Higher levels of PA may have effects on disease activity and common symptoms associated with MS. For example, in the adult MS population, level of premorbid PA predicts worsening of disability scores over 2-year follow-up.50 One large survey suggests associations between increased PA and both overall health-related quality of life (HRQOL) and HRQOL subscales (physical health, improvements in health, energy subscale, social function subscale) as well as decreased relapse rate (p=0.009).51 The relationship between HRQOL and PA is complex, and the relationship may be indirect. In another study of 292 MS patients that evaluated QOL, disability, PA (selfreported and accelerometer), mood, pain, self-efficacy and self-report, lower levels of fatigue, depression, anxiety and pain, and higher levels of social support and MS self-efficacy had higher levels of QOL.52
In adult MS, aerobic training has improved fatigue, depression, and anger scores over the course of 10 to 12 weeks.30,53 Another study evaluating the effects of two exercise training programs in MS over the course of 2 months (patients n=30; controls n=15) suggests that both patients undergoing resistance training and those undergoing lower limb strengthening and balancing exercises benefitted in several areas whereas controls showed no improvement.54 In addition, patients undergoing either form of exercise training were found to have improvements in fatigue and depression.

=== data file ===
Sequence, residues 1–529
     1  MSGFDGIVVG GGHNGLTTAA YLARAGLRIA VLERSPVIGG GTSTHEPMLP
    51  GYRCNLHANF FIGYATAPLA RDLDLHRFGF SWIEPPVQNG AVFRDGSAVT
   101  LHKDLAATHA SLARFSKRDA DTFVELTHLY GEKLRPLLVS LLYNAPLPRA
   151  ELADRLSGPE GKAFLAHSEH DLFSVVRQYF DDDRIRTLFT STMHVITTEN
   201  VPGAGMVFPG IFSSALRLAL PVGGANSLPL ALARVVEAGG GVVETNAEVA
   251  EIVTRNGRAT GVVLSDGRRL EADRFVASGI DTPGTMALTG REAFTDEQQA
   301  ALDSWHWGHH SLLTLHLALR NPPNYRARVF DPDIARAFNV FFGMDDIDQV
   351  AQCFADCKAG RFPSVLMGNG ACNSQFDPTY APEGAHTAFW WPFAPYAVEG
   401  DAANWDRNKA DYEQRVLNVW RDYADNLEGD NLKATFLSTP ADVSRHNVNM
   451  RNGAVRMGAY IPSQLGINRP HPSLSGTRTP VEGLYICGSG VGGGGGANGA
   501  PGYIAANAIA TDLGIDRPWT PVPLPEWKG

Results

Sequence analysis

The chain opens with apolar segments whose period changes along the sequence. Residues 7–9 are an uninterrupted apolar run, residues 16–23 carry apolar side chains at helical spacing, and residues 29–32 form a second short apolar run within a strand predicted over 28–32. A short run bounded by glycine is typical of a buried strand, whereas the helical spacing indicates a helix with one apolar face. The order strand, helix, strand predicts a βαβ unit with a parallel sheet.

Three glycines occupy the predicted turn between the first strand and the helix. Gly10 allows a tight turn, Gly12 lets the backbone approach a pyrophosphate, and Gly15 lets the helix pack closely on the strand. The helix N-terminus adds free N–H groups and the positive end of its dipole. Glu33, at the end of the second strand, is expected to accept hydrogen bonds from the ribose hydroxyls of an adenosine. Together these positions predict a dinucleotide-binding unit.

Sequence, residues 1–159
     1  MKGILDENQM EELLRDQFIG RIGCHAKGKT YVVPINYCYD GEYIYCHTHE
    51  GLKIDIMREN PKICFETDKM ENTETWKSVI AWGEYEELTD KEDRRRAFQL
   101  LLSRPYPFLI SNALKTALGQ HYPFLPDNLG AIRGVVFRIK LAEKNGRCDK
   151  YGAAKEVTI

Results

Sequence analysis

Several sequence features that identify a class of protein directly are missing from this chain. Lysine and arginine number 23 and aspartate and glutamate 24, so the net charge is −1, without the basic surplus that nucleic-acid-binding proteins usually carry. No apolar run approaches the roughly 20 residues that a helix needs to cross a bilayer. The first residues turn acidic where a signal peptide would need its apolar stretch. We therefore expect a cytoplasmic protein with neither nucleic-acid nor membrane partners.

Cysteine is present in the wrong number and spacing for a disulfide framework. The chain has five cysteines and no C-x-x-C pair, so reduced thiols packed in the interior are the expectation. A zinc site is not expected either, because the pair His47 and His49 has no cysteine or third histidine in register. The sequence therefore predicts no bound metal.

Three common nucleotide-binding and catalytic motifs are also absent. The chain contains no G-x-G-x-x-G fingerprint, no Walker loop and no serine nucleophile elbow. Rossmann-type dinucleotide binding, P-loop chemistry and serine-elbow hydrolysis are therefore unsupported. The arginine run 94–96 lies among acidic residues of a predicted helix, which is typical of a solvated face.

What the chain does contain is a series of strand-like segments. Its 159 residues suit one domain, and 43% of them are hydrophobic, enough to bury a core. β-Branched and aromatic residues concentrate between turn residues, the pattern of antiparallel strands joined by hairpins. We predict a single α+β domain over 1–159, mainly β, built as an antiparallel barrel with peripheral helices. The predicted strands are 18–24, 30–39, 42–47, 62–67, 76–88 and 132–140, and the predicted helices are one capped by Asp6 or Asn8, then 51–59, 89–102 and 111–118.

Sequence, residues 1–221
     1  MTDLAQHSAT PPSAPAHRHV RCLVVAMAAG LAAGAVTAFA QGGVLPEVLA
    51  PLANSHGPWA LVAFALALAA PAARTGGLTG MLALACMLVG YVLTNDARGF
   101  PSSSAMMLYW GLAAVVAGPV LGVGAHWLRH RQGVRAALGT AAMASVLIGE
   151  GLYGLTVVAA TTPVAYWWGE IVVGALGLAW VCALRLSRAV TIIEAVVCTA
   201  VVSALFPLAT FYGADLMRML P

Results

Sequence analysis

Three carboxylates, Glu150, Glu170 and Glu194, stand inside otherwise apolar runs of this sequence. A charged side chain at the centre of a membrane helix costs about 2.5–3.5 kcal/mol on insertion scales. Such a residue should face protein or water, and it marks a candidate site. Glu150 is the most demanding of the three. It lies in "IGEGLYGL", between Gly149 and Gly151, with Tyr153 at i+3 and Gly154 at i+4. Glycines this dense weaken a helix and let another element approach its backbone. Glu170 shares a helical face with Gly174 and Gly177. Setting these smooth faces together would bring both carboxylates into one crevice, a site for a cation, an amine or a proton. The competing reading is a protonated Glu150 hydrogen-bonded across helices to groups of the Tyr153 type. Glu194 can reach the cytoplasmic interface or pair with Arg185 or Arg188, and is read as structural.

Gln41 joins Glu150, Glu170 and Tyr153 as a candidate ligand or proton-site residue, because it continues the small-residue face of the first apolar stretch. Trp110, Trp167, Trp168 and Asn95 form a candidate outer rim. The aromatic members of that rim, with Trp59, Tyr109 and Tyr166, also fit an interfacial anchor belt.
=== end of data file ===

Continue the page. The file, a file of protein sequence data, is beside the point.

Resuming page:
These benefits may last beyond the intervention period: one study found that improvements in QOL and fatigue persisted 3 months after discontinuation of the program.30 Shorter-term programs may have benefits: one 4-week program showed an improvement in aerobic capacity in addition to an improvement of health perception and a tendency to less fatigue. Symptom exacerbation was low (6 %).55